The War Against Christmas

You get the feeling that governments and their friends, as with the Puritans in Colonial New England, aren’t too crazy about Christmas. It may have begun with courts telling schools not to sing "Silent Night," but now we are even seeing a war against house decorations.

In California, for example, a Big Brother electrical monopoly is telling folks to delay turning on their holiday lights until 8:00pm. This is supposedly necessitated by a "stage two" power emergency, which is triggered when power reserves fall to 5 percent of vanishing. In a stage three emergency, the government imposes rotating blackouts.

According to the Los Angeles Times, when you call the power office, you get the following message: "Due to a shortage of generation resources, the California Independent System Operator has declared a Stage 2 emergency, advising the public that power shortages are likely to occur. . . . You can help by turning off all unneeded lighting, equipment, and appliances."

What a time to impose rationing! Christmas is supposed to be a season of joyous celebration, especially Christmas this year when people are bringing in the first year of the third millennium after the birth of Our Lord. This is the worst possible time to browbeat people to use less and vaguely threaten them with government penalties if they get too carried away with decorating and displaying their faith and their holiday spirit.

And think of the perverse rationale at work here. Every retailer in America is clamoring for customers, advertising better products and better deals, and generally seeking to encourage consumption. When people decide to buy more gifts for others, businesses are happy. Consumers are never warned to ration gifts or limit their buying of toys and cards. There is no shortage of anything in these items because they are produced and distributed by private enterprise.

It is hard to imagine Toys-R-Us telling its customers, "shortages are likely to occur, so please do not buy unneeded toys." That’s because the price system is the means by which resources are "rationed" on the free market. When the price goes up, you buy less. When it goes down, you buy more. Producers are drawn to provide more of what consumers want, and less of what they don’t want. They are particularly attracted to goods and services that are consistently profitable, which is just a way of saying that consumers are willing to purchase them at given prices. Through this mechanism the market ensures that resources flow to their most highly valued uses.

But with government-monopoly "services," it is different. We are continually browbeaten to use less: drive less, use less water, throw fewer things away, and, now, use less electricity. It is particularly offensive when the government does this just when you most need the service. The government rations water just when lawns need it most. And, now, we have rationed electricity just when people want to use it most. (Notice, however, that the rationing rarely affects the government’s own use.)

To rid the system of these perversities, we need complete (not partial!) privatization of utilities, including competitive service and deregulated entrepreneurship. Electricity should be distributed not by government agencies or privileged monopoly providers, but by free enterprise. An objection immediately arises: but we tried that with a change in the law in 1998. Electrical services in California are private, and look what happened; rates went up, not down. Thus privatization is the source of the problem, not the solution.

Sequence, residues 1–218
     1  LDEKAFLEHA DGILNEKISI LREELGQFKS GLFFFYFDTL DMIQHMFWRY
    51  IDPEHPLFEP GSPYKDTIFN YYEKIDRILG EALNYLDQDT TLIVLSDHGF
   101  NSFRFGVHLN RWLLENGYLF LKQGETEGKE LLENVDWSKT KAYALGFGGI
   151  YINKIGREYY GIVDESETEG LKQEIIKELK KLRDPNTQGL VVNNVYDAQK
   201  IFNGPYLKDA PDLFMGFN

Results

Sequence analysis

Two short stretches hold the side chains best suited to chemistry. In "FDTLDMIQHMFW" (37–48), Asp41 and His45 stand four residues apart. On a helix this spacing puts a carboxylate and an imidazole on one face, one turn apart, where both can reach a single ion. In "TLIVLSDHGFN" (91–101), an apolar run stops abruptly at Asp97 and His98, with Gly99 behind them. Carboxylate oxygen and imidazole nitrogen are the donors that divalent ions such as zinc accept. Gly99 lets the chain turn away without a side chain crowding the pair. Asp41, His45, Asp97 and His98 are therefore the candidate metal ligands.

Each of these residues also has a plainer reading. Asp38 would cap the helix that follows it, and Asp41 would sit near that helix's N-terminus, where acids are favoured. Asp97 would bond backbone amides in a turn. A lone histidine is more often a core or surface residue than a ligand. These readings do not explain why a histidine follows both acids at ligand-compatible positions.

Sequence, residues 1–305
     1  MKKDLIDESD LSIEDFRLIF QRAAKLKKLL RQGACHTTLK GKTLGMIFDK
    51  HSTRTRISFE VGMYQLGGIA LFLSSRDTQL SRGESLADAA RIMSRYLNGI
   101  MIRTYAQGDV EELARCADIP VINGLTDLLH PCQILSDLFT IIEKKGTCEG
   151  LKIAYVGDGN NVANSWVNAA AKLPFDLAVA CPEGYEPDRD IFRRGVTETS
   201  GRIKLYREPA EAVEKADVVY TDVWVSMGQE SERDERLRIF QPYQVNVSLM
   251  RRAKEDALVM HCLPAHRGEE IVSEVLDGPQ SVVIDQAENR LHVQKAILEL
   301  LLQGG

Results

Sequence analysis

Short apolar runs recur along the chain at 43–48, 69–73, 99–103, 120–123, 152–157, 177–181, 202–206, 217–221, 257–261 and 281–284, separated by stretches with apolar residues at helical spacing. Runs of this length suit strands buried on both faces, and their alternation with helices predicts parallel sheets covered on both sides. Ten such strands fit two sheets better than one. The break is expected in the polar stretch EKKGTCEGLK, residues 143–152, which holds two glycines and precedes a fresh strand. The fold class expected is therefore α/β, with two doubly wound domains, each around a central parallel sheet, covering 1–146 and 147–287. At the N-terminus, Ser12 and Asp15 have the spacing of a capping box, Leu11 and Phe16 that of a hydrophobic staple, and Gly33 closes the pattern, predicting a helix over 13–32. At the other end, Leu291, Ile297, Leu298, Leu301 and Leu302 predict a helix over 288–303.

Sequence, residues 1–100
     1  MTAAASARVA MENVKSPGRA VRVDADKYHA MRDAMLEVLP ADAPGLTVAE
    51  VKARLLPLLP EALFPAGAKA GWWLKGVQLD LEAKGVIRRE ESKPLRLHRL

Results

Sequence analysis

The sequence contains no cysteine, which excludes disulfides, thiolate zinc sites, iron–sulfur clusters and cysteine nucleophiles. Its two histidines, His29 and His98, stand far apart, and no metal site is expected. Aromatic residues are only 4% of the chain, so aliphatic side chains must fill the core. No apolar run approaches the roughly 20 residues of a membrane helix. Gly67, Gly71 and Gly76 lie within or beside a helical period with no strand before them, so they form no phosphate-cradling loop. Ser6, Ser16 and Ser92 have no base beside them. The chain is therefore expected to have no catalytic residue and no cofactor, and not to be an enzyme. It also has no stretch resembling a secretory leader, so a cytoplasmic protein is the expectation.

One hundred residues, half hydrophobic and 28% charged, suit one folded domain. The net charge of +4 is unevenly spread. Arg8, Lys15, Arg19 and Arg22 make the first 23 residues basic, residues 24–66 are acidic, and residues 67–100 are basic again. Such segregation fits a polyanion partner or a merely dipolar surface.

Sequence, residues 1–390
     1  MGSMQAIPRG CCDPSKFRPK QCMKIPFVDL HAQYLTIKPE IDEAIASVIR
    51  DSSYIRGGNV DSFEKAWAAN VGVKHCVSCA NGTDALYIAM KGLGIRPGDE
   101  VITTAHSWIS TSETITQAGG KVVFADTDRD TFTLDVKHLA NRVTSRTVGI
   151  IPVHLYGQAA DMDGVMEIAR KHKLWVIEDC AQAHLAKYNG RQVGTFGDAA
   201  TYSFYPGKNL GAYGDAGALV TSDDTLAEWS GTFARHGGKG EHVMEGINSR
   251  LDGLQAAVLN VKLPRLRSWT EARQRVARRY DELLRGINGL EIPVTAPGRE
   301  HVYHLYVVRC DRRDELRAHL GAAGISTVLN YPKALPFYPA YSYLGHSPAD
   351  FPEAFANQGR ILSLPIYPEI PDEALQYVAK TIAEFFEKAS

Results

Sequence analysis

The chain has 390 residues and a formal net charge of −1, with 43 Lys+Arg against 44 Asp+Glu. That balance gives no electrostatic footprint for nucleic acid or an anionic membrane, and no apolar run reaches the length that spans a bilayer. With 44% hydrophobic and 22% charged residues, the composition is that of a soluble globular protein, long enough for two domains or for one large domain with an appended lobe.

But as George Reisman of Pepperdine University points out, the fallacy here is confusing partial price deregulation and monopoly ownership with full-blown competitive privatization. It is not enough to merely allow government pricing boards more flexibility in setting prices. It is not enough to assign the control of electricity to one company. All restrictions on service need to be abolished and replaced with private entrepreneurs who distribute electricity, water, and trash services on a competitive basis, in the same way retailers distribute toys and electronics. Only then will supply match demand.

The problem of monopoly provision of electricity is compounded by the influence that environmentalism has had on its availability. In the name of conserving resources, oil that could easily be brought onto the market is languishing in the ground. Greens have also imposed various moratoriums on the construction of power plants, which leaves more people using fewer and fewer resources. There is plenty of power out there to fuel every last Christmas bulb, but the regulators won’t let us at it.

Note that this is not a perverse effect of a policy but rather the intended effect of environmentalism. Their stated goal is to make life more miserable for humans so that plants and animals will have an easier time of it. But in practice, this means scaling back consumption and living under the thumb of big government, which has a penchant for taking away the things we love the most, like turning on lights at Christmas.

Every victory for the environmental lobby is a victory for big government, which means more control of your life, less liberty to do what you want to do, and lower standards of living. If Californians want to continue to enjoy Merry Christmases, they will have to spend the new year curbing the power of the green lobby and getting the regulators off their backs. That means getting rid of the government’s old system of distribution and ownership, and updating it according to the standards of genuine free enterprise. Accept no substitutes.

Llewellyn H. Rockwell, Jr. edits

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